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Anger response styles and cardiovascular health Hogan, Brenda E.

Abstract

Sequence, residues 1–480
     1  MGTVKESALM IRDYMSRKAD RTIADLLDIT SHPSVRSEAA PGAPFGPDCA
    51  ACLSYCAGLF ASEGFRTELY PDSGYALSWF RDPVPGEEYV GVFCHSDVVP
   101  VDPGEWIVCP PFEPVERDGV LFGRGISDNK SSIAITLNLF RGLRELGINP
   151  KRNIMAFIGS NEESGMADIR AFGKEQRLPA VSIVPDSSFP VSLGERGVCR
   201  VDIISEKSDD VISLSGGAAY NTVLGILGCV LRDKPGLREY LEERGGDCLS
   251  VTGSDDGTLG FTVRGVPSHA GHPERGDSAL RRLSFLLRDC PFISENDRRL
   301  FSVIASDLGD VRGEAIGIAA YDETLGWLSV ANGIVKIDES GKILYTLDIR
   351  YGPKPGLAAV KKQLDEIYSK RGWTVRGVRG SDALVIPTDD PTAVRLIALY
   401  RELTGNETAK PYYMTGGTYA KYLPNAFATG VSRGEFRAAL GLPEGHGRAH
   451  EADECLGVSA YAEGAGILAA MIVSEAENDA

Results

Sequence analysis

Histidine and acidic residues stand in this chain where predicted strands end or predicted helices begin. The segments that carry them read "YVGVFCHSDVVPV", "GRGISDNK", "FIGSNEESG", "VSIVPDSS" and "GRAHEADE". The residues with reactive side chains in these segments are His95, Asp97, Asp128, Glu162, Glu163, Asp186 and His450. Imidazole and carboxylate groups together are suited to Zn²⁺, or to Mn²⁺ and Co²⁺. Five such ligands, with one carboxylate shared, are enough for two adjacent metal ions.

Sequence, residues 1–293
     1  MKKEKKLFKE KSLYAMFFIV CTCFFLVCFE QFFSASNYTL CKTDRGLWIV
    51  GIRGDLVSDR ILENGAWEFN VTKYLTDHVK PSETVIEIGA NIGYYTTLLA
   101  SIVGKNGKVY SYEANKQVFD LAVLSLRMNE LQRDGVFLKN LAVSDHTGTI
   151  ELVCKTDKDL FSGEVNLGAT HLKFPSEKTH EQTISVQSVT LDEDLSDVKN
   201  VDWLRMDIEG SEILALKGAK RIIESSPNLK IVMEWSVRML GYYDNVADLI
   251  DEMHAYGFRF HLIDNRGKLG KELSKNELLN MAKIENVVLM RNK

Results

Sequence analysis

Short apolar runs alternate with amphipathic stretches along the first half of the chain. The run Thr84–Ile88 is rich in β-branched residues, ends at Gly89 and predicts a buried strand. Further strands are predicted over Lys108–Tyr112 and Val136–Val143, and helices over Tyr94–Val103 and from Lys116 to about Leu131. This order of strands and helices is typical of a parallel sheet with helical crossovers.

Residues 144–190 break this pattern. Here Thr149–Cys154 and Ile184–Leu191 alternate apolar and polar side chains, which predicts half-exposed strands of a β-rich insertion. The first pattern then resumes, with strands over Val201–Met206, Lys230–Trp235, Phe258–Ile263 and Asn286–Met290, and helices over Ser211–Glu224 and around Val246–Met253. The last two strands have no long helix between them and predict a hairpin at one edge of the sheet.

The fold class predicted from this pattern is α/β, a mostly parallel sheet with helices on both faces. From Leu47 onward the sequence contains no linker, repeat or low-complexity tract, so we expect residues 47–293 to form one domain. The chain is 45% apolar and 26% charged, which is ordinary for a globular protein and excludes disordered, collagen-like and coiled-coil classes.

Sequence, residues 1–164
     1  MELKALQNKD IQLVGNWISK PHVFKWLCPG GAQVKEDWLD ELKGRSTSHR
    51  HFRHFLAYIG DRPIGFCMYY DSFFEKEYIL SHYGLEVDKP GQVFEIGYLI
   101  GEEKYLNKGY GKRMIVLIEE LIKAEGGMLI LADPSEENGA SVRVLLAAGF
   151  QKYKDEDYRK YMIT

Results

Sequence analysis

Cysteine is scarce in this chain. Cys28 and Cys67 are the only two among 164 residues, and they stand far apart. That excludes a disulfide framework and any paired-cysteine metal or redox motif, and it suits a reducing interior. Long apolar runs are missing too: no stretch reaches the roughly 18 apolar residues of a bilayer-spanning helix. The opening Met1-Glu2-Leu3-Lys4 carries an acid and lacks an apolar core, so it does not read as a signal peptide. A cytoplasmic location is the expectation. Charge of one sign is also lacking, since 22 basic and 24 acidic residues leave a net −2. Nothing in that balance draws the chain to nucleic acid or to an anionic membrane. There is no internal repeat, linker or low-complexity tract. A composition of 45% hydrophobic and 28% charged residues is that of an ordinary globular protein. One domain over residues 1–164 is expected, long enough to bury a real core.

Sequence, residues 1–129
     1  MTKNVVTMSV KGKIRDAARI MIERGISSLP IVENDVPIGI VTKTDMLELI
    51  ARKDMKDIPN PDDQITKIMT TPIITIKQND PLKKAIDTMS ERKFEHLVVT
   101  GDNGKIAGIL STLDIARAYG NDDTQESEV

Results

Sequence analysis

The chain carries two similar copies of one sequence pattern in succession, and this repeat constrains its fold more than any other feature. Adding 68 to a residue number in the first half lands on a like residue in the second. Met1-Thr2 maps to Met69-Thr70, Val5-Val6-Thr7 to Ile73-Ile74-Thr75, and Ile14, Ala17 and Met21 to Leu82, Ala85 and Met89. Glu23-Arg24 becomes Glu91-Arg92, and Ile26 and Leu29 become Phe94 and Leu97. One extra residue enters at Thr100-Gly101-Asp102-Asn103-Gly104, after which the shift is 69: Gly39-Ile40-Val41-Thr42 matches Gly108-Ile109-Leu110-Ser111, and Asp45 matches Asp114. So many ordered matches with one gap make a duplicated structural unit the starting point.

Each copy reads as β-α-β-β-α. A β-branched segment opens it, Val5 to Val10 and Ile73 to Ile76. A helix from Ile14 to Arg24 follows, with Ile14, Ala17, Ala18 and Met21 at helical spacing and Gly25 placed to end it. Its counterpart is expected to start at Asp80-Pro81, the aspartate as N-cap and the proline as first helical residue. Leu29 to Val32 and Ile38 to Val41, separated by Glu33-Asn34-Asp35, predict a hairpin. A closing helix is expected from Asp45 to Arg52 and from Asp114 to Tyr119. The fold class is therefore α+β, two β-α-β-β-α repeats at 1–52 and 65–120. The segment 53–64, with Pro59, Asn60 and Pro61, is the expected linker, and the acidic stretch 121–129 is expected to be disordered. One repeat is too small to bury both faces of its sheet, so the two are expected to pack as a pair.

The exact nature of the anger - cardiovascular health relationship and its mechanisms remain obscure, partly due to controversy over the conceptualization and measurement of anger. Reliance on an oversimplified model of anger may have hindered comprehensive understanding of its pathogenic effects. Using a multi-dimensional anger response measure (Behavioural Anger Response Questionnaire; BARQ) that taps six independent anger response styles (Aggression, Assertion, Social Support Seeking, Diffusion, Avoidance, and Rumination) and data from three samples of varying cardiovascular health status [healthy participants, hypertensive, and coronary heart disease (CHD) patients], the relation of anger coping styles to resting blood pressure (BP), ambulatory BP, BP reactivity and recovery was investigated. Linear, curvilinear, and interactive relationships were tested, controlling for traditional risk factors and level of hostility. Examination of linear effects revealed inconsistent associations between anger response styles and BP. The strongest effects were for Avoidance and Rumination; in the women, Avoidance was linked with higher BP levels, and in the men, Rumination was associated with lower BP levels. Examination of curvilinear relationships revealed surprising results. The clearest pattern was observed for Aggression; increasingly higher levels of Aggression were associated with higher BP levels, but this association reversed for those with the highest levels of Aggression. The moderating effect of Rumination on the relationship between the other anger response styles and BP was also examined. Rumination had a deleterious influence on the relationship between Avoidance and Assertion and resting and ambulatory BP levels. The moderating influence of Rumination on Social Support Seeking varied between the genders. Anger response styles also predicted BP reactivity and recovery. Overall, the results suggest that a multi-dimensional model of anger responding is valuable and that anger response styles are related to BP variables in complex ways.

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